You may have a laptop already...and since you are probably staying at one hotel location during your trip then it is probably worthwhile to bring your laptop for storage and to view your photos right away. A cd burner on the laptop can be nice to backup copies and also sometimes to make copies for people that you meet along the trip.

If you do not have a laptop and only a desktop computer at home, you may want to have 2 cards and once both are filled go to an internet shop to burn a cd of your photos (hard to find in some developing countries).

For the Adventurer/Backpacker

On my trip around the world for a year, I carried, besides my camera, a spare memory card, spare set of rechargeable batteries, voltage converter, battery charger and DIGITAL WALLET with 3GB. The digital wallet functions as a memory card reader that downloads to an onboard harddrive. So when your memory card is full, just plug it into the "Wallet" (size of 2 packs of cigarettes) and the files are on the portable harddrive.

Then when you get to a computer, you plug the wallet to the computer and it appears as an additional harddrive with all your pictures on it. There are many nice features of this wallet. Mine came with adapters for outlet, its own rechargeable battery, or adapter for car cigarette lighter. These plugs also work to power my Olympus camera. So if I ran out of power, I can use the same adapters to operate by battery, car lighter or electrical outlet. Also the wallet acts is a operational harddrive, which means that I was able to carry my favorite songs, outlookfiles, scan copies of my passport, and software for my website, so that I can access it anytime I needed them on the road.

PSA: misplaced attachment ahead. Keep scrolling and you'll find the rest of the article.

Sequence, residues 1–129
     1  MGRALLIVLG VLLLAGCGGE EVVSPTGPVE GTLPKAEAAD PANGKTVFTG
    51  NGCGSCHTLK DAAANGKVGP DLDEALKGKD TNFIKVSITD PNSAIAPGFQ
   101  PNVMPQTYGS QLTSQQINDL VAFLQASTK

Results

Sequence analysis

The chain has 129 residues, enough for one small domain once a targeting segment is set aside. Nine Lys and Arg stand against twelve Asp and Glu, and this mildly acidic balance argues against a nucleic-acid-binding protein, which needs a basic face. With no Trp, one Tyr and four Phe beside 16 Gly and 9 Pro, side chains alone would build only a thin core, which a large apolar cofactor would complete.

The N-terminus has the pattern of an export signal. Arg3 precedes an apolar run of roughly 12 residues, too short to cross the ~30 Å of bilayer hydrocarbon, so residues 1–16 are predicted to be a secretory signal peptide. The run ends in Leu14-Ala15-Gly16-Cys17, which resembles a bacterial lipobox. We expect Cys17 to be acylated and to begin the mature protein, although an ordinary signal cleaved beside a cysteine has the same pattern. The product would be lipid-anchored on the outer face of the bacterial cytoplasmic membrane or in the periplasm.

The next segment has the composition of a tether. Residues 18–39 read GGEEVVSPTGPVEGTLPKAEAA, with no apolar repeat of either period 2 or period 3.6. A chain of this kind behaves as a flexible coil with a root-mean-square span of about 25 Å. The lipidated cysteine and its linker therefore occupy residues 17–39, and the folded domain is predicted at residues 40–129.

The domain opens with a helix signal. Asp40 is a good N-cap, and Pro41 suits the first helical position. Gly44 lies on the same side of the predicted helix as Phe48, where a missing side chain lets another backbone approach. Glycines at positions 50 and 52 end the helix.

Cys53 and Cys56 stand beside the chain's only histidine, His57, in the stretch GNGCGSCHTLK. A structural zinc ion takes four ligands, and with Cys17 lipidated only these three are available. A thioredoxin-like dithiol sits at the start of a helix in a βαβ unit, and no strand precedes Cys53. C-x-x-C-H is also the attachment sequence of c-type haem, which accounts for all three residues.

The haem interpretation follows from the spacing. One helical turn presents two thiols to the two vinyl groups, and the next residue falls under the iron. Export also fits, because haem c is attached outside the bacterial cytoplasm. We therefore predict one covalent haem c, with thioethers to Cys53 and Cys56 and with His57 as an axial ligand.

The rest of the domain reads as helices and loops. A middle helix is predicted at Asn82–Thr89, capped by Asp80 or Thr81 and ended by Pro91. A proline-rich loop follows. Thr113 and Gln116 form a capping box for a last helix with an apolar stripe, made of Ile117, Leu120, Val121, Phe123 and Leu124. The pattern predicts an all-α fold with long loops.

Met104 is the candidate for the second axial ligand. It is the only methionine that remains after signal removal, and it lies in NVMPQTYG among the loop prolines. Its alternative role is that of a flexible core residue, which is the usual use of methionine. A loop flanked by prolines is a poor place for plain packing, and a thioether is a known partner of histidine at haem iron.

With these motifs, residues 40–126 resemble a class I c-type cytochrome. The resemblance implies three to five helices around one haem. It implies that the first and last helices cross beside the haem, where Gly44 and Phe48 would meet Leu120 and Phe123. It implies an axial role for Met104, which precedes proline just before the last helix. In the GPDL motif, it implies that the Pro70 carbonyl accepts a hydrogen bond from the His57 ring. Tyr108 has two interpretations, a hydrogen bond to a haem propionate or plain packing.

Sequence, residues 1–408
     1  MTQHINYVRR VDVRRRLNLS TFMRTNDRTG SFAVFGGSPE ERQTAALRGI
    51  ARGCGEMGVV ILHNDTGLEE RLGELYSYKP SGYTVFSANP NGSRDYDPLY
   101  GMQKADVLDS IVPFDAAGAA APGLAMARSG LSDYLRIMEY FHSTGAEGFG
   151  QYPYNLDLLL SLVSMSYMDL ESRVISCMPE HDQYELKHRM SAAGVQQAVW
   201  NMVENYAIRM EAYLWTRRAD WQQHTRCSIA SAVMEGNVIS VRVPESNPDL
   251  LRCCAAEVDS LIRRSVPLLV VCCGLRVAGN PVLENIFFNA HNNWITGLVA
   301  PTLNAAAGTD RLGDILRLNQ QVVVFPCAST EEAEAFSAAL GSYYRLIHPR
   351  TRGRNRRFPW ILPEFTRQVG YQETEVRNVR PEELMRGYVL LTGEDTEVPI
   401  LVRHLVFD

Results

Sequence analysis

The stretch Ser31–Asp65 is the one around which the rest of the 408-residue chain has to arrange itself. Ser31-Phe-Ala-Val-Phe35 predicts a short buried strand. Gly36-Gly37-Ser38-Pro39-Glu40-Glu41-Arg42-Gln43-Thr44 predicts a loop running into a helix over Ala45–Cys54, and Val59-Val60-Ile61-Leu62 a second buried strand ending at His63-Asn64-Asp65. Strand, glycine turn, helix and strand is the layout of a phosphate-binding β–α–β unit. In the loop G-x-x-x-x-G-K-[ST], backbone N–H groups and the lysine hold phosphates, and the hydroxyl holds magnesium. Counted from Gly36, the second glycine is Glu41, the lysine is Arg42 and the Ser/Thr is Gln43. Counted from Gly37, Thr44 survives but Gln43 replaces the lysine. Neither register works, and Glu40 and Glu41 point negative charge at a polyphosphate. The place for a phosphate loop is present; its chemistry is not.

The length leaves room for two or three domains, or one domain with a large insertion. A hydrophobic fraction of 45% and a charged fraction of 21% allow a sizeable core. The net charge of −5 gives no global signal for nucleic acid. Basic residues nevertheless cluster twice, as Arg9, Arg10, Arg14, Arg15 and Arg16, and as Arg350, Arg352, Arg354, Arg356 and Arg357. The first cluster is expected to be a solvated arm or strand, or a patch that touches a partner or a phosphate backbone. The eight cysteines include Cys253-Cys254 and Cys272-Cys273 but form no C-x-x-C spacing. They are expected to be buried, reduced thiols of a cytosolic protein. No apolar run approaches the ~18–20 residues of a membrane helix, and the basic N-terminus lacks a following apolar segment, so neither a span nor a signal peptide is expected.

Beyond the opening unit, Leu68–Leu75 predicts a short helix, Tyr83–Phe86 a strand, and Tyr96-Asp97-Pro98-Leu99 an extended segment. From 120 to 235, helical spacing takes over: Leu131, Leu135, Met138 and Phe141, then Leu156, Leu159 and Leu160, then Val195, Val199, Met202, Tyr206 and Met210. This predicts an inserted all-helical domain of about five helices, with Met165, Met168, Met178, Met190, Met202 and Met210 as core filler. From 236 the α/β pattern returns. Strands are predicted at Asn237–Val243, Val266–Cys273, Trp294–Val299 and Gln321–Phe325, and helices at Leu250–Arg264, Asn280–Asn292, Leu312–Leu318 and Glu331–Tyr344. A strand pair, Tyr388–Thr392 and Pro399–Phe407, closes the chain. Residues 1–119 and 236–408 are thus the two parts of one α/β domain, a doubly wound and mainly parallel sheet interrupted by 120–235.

Once in a while, I would get to an internet cafť and backup my harddrive on to a cd rom, but my harddrive never crashed even though I carried it with me 24/7 even to the tops of Kilimijaro Photo copyright Ming 2003and Base of K2 mountain (although my camera omitted a few shots due to altitude or cold, I never did figure it out). The wallet cost about $200 and allows you to be away from the civilization of computers and power for weeks without worrying about memory or power for your camera. This was important as I was going on week long safaris and 3 week hikes into the Himilayas.

But for the adventurer, you can see that the equipment that I carried was minimal and well worth it. I saved a lot of money from development and also learned a lot about photography as I was not shy in taking photos. Then I shared the experience with friends all over the world. I was emailing them out, then I would publish a web site on the road, then I would make a copy of the disc for friends that I met on the trip, or I would "develop" the selected ones to mail to people I met on the road who donít have access to computers. My brother even made a DVD of my pictures with music to be played on any home entertainment system.!!!

Hope this helps some people.

Happy shooting on your travels of seeing the world.


Thanks, Ming, for sharing your thoughts.

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I'm traveling overseas with my digital camera and I won't be able to take my laptop. I'll definitely want to take a lot of photos but will be limited by my compact flash cards. Are there other storage options? I have a mac, if that helps.


You have a Mac and you need more storage space without a laptop. An answer is to buy an iPod and a card reader sold by Apple that will allow you to transfer pix to the iPod. Total cost would be between $USD400-$USD600 depending on what size iPod you get. That may seem expensive but when you can buy a 512MBCF for around $100 and get the iPod setups for 4 or 6 times that and have 10GB to 40GB of space, it is well worth you can listen to music too!